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High-profile scientists accused of harassment

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From Motherboard:

Why Are So Many Scientists Harassing Their Students?

In the past few months, there have been four separate cases of high-profile scientists accused of harassment, a first-person account of harassment published in the science journal Nature, and multiple cries for greater awareness and reform. There have also been a handful of alarming studies and surveys published in the last few months and years, outlining the extent of the problem.

Late last year, preliminary results from a survey by the Committee on the Status of Women in Astronomy found 82 percent of respondents (men and women) had heard sexist comments on the job, while 57 percent said they had been personally harassed—9 percent physically so. A survey published in PLOS One in 2014 found 64 percent of science researcher respondents (77 percent of whom were female) said they had experienced sexual harassment during field research and more than 20 percent said they had experienced sexual assault. And all you have to do is talk to women who have worked in the field for some time to collect more evidence of a systemic problem.

Doubtless a problem, but a bit of caution goes a long way here: The distance between sexist comments (= oops, yer trotters is showin’ again, bud) and physical assault is—and should always be seen as—vast.

I (O’Leary for News) speak here as a woman who has dealt with both, so watching this “climate of concern” unfold is not academic for me.

There is a risk that productive research facilities will be bogged down in trivia about people feeling “offended” or worse, witch hunts. In the real global world, there is no single standard for “offense,” but assault is the same everywhere one goes. Either the activists focus on the serious issues, or it will all degenerate into a poisonous farce, of benefit only to people who make a living off such things.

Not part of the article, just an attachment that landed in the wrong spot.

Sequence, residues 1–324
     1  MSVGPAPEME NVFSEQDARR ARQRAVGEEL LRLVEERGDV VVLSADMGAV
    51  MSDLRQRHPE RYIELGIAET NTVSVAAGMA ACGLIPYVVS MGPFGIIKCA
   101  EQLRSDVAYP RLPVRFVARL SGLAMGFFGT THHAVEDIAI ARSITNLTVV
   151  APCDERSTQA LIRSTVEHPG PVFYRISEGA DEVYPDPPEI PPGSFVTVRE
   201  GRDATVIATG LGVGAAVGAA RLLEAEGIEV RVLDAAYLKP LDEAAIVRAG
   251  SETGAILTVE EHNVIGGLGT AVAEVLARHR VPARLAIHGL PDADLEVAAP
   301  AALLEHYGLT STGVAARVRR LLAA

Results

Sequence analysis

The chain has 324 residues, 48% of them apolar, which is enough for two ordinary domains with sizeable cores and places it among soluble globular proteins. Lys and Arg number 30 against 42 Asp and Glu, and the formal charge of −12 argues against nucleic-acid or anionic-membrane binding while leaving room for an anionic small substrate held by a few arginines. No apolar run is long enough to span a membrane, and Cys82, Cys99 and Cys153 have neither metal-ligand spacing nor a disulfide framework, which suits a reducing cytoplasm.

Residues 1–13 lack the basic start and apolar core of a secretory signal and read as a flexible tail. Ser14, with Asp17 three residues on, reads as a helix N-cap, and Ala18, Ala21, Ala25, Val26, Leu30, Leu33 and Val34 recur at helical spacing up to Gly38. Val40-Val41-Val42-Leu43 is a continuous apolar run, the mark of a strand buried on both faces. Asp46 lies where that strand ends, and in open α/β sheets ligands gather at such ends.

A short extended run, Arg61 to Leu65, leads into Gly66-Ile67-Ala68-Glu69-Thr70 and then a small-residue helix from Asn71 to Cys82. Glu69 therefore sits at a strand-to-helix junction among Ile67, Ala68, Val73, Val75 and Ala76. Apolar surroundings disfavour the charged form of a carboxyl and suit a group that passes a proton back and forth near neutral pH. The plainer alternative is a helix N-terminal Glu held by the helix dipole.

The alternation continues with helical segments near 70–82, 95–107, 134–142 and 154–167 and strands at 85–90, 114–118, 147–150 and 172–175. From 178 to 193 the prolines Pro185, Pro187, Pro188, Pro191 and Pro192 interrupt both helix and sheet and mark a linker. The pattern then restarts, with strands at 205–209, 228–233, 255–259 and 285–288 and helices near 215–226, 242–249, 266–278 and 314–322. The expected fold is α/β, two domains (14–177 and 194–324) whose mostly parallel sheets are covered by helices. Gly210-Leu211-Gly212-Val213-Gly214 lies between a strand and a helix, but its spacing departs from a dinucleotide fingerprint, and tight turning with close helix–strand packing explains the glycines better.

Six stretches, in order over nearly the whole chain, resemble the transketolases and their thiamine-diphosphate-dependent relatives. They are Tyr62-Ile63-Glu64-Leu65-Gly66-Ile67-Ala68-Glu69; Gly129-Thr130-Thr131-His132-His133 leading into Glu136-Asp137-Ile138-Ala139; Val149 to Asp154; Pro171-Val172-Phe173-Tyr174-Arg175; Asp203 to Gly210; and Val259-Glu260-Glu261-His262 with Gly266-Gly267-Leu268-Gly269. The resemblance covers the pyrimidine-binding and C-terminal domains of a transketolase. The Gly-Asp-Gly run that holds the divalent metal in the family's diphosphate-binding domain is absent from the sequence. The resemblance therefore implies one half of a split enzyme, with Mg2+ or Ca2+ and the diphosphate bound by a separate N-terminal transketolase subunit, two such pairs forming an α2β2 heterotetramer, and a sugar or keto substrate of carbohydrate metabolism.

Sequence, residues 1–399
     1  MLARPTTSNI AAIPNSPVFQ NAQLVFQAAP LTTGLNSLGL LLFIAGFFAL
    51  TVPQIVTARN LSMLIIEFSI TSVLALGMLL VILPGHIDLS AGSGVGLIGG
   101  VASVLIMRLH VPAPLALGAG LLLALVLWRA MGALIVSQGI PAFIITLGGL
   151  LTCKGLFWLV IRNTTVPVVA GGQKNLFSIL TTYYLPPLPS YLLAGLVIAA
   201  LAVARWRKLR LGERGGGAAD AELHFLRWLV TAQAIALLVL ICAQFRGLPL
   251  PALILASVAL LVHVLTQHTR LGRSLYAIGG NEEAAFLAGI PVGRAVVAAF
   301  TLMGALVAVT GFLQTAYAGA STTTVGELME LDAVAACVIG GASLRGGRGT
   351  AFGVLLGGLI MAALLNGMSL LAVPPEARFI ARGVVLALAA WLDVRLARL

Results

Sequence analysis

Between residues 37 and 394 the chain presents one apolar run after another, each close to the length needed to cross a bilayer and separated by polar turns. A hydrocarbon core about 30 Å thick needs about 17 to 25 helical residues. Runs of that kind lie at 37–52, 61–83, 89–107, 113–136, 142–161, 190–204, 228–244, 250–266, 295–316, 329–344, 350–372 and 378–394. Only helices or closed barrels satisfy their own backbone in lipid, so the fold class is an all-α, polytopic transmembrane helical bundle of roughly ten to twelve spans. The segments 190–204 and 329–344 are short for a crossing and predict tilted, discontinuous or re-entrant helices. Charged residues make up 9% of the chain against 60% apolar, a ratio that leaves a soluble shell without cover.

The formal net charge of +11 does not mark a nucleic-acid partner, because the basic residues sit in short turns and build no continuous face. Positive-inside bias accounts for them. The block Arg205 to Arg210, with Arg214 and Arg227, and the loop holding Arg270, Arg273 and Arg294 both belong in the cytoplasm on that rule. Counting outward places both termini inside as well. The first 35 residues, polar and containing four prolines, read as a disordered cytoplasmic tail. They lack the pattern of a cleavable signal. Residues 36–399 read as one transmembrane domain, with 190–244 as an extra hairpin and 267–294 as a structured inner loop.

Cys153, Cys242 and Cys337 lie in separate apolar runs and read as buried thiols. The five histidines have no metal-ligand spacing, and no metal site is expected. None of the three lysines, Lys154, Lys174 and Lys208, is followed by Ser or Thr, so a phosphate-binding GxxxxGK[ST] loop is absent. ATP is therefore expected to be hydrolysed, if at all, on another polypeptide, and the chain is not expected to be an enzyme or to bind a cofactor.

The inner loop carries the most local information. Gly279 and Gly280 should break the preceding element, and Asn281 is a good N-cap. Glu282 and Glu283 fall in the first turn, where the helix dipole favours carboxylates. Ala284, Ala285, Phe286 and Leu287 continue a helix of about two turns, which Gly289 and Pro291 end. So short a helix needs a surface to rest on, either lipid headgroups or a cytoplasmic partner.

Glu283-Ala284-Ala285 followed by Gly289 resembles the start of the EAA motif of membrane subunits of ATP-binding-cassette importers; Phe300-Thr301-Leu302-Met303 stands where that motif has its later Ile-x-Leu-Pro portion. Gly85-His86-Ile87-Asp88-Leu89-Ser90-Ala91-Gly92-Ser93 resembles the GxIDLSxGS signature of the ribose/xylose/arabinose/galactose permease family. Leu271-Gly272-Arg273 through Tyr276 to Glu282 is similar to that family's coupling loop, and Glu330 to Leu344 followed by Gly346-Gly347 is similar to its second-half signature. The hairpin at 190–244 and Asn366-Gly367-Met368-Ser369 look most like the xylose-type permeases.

So why are more cases starting to come to light now? Williams offered a few suggestions. For starters, the fields are growing more diverse, which naturally will start to shake up the culture. There has also been more focus paid to the issue of sexual harassment and assault at post-secondary institutions in general at a national level and at the campus level, Williams said. The Clery Act amendments in 2014, for example, tightened federal requirements for universities to report and prevent sexual assault on students, while students themselves have been raising greater awareness to rape culture on campus. More.

Ah yes, a case in point: Many claims about the rape culture on campus were just that, claims. As Rolling Stone learned to its cost recently. Apart from any other damage done, the fact remains that women are at greatest risk of abuse if they are poor uneducated, and live under oppressive regimes, not if they are middle class, educated, and live in free societies that support women’s rights and research facilities. Let’s go for justice and equality, but keep things in perspective.

See also: Landmark: Nonreplicated research openly identified

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